After website users click on the group map results are filtered to include only the Ida Members belonging to that particular group.

5. Ida Members


Once a country is selected on the map website users are redirected to a page showing a list of all the members in that country. Since the height of the user boxes could not be predetermined because of different image size and different amount of data the layout had to adapt to different size boxes. Masonry library was used to take care of it. It arranges the grid elements into the most fitting positions.

6. Embedding the Solution

The Maps Web Application was included in Ida CMS’s page as an iframe. The only problem is that the height of the iframe is not know before the page loads. This issue was mitigated using IFrame Resizer libary. After the page is loaded it dynamically adjusts the frame height to match the height of the content inside the iframe.


At the time of writing this post, the project is more or less finished and waiting for the approval to be integrated into the main Ida’s site. The solution for automatically getting the users from the CMS is probably a bit hacky, but without access to data  or asking the CMS administrators to build an API for it (which introduces additional cost) this is probably the easiest way to do it.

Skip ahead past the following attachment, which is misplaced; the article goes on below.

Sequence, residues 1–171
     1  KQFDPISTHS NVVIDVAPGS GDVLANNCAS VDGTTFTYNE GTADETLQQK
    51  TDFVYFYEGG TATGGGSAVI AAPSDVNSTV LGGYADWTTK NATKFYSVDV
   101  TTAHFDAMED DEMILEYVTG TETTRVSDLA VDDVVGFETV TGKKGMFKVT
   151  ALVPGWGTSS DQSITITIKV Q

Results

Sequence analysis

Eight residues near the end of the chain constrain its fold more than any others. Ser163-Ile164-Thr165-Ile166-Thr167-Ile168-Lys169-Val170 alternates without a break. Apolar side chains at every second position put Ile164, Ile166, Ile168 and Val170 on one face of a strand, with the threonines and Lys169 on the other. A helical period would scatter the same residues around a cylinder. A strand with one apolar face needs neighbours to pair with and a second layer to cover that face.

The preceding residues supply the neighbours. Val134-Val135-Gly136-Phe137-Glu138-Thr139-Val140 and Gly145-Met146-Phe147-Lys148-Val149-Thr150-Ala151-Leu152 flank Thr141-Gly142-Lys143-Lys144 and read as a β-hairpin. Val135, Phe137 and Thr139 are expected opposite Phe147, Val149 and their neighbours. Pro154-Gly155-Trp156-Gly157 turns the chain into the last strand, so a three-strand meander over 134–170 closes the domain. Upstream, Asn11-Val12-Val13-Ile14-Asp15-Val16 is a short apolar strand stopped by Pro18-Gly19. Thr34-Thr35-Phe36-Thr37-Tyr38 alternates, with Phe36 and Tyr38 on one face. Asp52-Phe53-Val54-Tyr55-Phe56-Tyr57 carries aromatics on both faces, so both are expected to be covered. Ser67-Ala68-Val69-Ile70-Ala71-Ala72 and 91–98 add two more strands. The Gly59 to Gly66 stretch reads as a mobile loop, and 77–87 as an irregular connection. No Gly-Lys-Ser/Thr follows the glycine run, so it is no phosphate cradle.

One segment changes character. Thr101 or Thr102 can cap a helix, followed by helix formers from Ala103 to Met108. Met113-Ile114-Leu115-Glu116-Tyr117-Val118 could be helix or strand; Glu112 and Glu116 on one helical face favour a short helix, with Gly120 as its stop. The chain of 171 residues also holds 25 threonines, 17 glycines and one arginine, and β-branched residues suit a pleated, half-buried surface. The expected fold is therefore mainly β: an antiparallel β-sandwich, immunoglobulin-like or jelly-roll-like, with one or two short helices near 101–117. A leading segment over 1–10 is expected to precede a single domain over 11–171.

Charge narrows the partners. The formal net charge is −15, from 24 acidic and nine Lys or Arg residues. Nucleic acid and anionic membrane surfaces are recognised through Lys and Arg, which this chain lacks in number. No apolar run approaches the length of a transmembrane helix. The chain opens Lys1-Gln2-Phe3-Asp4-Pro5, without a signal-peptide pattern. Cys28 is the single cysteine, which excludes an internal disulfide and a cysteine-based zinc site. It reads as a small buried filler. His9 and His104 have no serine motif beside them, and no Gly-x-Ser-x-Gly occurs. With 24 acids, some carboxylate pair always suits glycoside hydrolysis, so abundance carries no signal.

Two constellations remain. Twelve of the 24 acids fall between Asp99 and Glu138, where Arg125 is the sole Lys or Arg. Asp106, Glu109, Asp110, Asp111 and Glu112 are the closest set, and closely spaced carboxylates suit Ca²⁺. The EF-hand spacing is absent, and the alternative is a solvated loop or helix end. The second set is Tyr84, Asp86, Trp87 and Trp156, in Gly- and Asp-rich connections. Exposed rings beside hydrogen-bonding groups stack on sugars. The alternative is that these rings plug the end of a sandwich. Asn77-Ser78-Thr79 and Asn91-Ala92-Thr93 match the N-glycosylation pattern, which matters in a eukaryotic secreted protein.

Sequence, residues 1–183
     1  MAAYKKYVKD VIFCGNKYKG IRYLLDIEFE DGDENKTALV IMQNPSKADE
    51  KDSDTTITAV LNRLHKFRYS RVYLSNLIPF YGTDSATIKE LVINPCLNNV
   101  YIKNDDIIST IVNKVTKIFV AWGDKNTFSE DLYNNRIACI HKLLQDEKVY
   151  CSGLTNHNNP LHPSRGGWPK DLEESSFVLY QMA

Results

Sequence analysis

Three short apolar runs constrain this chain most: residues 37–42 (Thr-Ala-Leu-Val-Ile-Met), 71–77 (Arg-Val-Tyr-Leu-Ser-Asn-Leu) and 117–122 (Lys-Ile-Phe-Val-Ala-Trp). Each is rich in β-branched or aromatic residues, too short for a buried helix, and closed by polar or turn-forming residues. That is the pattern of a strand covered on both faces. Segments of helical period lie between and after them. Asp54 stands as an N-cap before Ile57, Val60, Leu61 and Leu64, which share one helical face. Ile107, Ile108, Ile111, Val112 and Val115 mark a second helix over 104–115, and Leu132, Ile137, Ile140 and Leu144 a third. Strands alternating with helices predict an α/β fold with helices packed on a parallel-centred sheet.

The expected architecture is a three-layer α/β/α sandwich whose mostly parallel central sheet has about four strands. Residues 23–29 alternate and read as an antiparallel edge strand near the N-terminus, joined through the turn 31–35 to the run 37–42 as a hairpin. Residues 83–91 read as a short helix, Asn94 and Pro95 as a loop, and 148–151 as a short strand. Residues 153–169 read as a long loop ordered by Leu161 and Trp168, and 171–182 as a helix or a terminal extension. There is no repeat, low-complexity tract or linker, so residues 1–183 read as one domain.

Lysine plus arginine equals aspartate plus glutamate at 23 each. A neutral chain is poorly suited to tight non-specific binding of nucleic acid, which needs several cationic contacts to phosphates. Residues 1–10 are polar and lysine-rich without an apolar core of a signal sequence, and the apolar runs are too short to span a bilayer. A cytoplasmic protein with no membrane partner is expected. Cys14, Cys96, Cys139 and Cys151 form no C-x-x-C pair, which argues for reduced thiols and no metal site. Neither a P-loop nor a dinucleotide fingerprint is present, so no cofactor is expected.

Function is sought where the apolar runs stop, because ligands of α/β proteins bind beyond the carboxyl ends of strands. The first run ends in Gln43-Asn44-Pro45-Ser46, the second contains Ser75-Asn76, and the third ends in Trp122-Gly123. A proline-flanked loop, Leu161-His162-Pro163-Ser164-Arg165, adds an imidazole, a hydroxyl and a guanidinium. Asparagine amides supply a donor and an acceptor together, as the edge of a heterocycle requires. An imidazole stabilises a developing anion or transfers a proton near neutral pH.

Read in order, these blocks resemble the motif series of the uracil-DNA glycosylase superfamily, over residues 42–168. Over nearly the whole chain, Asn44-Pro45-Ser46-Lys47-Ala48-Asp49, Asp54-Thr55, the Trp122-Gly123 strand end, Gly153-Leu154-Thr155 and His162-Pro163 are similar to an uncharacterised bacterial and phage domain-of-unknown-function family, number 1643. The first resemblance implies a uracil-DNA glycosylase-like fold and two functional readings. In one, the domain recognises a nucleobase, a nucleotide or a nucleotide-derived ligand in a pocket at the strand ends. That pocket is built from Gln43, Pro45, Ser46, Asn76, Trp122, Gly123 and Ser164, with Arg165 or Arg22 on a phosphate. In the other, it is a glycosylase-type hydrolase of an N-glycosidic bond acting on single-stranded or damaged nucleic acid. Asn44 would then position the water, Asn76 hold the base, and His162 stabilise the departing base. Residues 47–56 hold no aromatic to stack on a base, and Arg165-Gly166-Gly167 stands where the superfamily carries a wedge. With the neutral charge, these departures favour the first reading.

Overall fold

Ida Newsletter with cms



The initial version of the the mobile-friendly newsletter (link) required direct manipulation of HTML to create new instances. This was a bit cumbersome and was not user friendly.

The company asked me to develop a simple CMS system that would allow for easier management of the newsletters.

After looking at the existing CMS solutions (DNN, Umbraco, etc) they seemed to be an overkill for such task. I decided to develop the whole thing from scratch using ASP.NET MVC4 framework.

Design for the admin pages was not important, so it’s using more or less the default templates that come with the MVC 4 Internet project in Visual Studio 2012.

You can see the final result here:

Log in Screen

newsletter_loginTo limit access to the back-end system the default forms authentication scheme was used. After logging in the users are redirected to the Newsletters Overview screen.

Newsletters Overview Screen



In the Newsletters Overview screen it is possible to get access to all of the newsletters in the system, edit them  as well as create new newsletters.

All of the newsletters are sorted by the year and then by the quarter in the descending order.

 Newsletters Edit Screen